You’ll Go Down in History…
You know Dasher and Dancer and Prancer and Vixen
Comet and Cupid and Donner and Blitzen
But do you recall
The most famous reindeer of all?
A cheerful snowman named Sam glides onto a television screen, warbles out the lyrics from a beloved holiday tune, and a yuletide tradition is born. I can’t remember a Christmas without the animated Rudolph playing somewhere in the background. For me, the shiny-nosed reindeer and Santa have always gone hand in hand with Yukon Cornelius, the Abominable Snowman, and the Island of Misfit Toys. And every time I meet a dentist, I can’t help but wonder if they’re secretly an elf named Hermey.
Rudolph is a holiday icon, a nostalgic emblem. Like Cher or Madonna he needs only one name to be known (to be fair, he only has one name, but still). Let’s face it: Rudolph is…a legend. Legends are seldom born legends (unless you’re John Legend, and then you’ve got a leg up on the competition). They’re often created through necessity, evolving through time and circumstance and enduring through adversity.
This weekend, Rudolph the flies into Shea’s Buffalo Theatre with all the characters we know and love. It’s a musical made from an animated movie made from a song made from a book made from a poem. Like all good legends, Rudolph’s journey has intrigue, conflict, heartbreak, hope, and puppets. Okay, maybe they don’t all have puppets, but they should. As we prance into the weekend, let’s hit rewind for a brief history of the legend of Rudolph, as told in reverse:
Rudolph the Red-Nosed Reindeer: The Musical premiered in 2014, adapted from the classic 1964 Christmas special, which featured a script by Romeo Muller and designs by Arthur Rankin, Jr. and his staff of artists.
Rudolph would be Rankin’s first foray into what would become his trademark animation style: “Animagic.” Rankin first created storyboards from Muller’s script and then hired experienced actors to voice the characters. (This included Billie May Richards, a 40-year-old woman, as the voice of Rudolph. Richards would be used several times to characterize young male characters.) From there, the designs were sent to Japan, where veteran animator Tadahito Mochinaga oversaw production of the puppets that would be used to create the stop motion film.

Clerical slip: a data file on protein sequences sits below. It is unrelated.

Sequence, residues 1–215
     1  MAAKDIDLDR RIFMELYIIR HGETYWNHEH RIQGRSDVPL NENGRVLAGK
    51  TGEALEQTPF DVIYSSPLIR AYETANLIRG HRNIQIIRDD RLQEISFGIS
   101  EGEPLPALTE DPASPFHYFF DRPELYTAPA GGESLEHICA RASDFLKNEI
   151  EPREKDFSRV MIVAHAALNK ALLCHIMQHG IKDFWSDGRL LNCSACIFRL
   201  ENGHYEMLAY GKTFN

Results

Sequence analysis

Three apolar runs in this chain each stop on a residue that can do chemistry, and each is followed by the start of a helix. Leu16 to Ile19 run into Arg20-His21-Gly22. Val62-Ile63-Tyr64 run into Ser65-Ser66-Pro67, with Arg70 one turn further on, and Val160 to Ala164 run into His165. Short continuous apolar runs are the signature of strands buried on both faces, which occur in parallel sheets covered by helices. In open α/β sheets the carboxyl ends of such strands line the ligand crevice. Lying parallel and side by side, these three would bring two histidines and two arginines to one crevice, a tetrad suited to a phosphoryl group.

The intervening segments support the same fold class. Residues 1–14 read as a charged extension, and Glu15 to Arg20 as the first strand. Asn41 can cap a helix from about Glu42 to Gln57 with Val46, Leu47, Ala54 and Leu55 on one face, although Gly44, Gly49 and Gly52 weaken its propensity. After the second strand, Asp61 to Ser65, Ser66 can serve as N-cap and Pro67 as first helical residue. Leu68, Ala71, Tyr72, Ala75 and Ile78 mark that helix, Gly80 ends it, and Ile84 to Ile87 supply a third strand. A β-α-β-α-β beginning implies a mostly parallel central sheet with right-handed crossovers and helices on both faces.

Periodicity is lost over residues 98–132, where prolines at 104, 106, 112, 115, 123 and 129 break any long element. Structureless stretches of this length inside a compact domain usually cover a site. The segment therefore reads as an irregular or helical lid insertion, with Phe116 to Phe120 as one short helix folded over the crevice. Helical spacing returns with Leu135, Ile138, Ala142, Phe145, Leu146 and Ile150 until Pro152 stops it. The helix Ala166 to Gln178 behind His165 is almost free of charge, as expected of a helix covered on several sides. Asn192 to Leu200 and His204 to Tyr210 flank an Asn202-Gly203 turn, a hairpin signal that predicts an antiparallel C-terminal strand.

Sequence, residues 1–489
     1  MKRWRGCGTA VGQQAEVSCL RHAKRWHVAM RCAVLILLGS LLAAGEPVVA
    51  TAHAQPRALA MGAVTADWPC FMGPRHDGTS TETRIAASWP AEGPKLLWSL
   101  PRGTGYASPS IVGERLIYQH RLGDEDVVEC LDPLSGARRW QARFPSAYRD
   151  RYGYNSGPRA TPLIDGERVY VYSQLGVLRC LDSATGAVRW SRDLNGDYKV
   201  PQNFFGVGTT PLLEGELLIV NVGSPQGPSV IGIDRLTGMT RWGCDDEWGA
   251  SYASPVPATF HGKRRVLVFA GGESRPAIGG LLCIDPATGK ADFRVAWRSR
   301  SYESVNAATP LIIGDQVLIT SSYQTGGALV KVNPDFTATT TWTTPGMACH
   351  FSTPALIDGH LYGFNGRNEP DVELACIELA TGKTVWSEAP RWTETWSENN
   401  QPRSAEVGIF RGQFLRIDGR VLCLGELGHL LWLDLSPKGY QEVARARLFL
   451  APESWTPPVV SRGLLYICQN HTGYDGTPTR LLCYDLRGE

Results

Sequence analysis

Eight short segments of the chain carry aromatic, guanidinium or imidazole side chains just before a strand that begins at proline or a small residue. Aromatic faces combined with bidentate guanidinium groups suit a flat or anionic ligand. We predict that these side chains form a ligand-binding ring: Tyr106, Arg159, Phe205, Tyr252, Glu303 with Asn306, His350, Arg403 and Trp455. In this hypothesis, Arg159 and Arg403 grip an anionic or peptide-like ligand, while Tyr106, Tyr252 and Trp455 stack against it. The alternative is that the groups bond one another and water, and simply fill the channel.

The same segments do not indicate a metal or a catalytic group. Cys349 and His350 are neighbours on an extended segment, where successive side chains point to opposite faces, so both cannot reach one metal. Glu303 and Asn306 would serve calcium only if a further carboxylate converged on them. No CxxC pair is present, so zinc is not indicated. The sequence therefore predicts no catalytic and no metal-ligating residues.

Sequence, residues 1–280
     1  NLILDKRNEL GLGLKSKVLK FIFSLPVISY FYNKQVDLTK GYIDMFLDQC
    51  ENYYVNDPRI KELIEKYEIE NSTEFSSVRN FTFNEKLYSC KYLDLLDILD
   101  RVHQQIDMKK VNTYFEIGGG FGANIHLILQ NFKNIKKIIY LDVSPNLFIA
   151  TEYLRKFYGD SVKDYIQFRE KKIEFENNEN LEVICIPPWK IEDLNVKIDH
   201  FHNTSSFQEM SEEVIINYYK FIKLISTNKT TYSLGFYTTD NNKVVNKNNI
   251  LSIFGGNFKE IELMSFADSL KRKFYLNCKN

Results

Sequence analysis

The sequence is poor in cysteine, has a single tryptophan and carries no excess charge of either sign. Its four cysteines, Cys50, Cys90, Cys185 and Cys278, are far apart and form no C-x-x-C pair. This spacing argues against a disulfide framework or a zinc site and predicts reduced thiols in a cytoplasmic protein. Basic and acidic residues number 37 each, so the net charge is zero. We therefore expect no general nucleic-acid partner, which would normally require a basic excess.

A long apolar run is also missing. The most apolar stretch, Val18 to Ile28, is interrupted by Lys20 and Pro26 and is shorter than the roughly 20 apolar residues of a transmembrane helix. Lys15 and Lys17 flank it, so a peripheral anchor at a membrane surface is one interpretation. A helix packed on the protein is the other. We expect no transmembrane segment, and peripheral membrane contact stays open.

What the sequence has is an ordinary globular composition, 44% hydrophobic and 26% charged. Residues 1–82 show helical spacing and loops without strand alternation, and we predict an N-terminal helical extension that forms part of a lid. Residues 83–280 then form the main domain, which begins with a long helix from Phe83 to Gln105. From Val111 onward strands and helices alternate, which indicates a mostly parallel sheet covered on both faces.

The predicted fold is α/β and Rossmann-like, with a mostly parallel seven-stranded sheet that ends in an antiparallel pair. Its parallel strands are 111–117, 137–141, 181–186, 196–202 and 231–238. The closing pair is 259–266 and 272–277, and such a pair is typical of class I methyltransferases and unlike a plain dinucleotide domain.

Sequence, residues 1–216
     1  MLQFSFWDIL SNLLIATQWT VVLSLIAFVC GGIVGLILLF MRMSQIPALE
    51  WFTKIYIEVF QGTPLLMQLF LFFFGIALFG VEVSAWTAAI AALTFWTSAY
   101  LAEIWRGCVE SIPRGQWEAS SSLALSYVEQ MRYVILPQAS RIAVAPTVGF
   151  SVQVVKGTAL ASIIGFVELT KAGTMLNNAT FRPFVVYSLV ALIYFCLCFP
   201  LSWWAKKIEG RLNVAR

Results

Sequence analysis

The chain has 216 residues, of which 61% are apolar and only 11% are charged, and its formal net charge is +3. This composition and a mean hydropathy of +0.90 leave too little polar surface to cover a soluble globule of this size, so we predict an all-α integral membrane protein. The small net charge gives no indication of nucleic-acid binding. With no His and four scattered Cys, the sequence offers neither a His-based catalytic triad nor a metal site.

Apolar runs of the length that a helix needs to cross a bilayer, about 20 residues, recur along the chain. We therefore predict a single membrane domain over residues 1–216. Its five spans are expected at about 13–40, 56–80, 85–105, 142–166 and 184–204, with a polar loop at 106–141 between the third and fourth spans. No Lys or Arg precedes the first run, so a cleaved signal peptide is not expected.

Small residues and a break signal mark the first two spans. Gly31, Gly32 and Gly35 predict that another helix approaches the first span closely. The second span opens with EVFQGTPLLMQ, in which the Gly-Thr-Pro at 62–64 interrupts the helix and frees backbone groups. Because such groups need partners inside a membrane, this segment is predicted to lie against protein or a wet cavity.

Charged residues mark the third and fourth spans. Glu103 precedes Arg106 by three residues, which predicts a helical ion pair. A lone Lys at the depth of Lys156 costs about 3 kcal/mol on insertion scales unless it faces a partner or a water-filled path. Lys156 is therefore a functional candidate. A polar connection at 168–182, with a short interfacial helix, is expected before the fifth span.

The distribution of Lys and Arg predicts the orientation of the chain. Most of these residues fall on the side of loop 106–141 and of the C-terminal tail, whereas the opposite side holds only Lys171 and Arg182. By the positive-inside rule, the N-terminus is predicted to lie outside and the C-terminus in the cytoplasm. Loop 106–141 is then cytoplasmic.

Muller’s script built on the 1949 holiday song written by Johnny Marks, incorporating many of the characters and storylines that we associate with Rudolph’s story. The Island of Misfit Toys is an understandable place: a home for those trying to find their place in the world surrounded by others who face similar challenges. Rudolph and Hermey and the rest endear and endure because they show us a way out (literally, in the case of Rudolph’s guiding nose) by making the choice to embrace their unique qualities and take action. For generations of misfit toys, it’s inspiring to see what can be accomplished despite the obstacles.
Marks’ song in turn was adapted from the 1939 book by his brother-in-law Robert L. May, a copywriter for Montgomery Ward. Although his version didn’t include Hermey or the Abominable Snowman or Yukon, May’s story of an outsider who succeeds not despite of his differences but because of them set the tone for the later version. May’s Rudolph was born through adversity, including the death of his wife in the summer of 1939. Writing the story became a lifeline for the widower and now single father who channeled some of his own childhood as an awkward and uncoordinated kid.
May’s original story of the red-nosed reindeer, however, harkened back to the 1823 poem “A Visit from St. Nicholas”—more commonly known as “Twas the Night Before Christmas.” Known for establishing the version of Santa Claus that we know today (jolly and plump), the poem also first named the reindeer team that leads Santa’s sleigh: Dasher, Dancer, Prancer, Vixen, Comet, Cupid, Donder, and Blixen. Although Rudolph wasn’t part of this original team, his dad was. Donder (or Donner, depending on where you fall in the great articulation debate) is the young Rudy’s patriarch in later versions, which means flying is in his genes. So, you could say that the poet who penned “A Visit from St. Nicholas” is the father (or grandfather…or great-grandfather) of Rudolph. Who, then, can we thank for our holiday cheer? That would be Clement Clark Moore, unless it’s Henry Livingston, Jr. First published anonymously, both men would claim credit for the narrative, and today the jury’s still out.
Mysterious origins? Check. Inspiring hero? Check. Entertaining sidekick? Check. Great costumes, flying, and a catchy theme song? Check, check, check. (no qualifiers necessary) has it all. And that’s how you create a legend.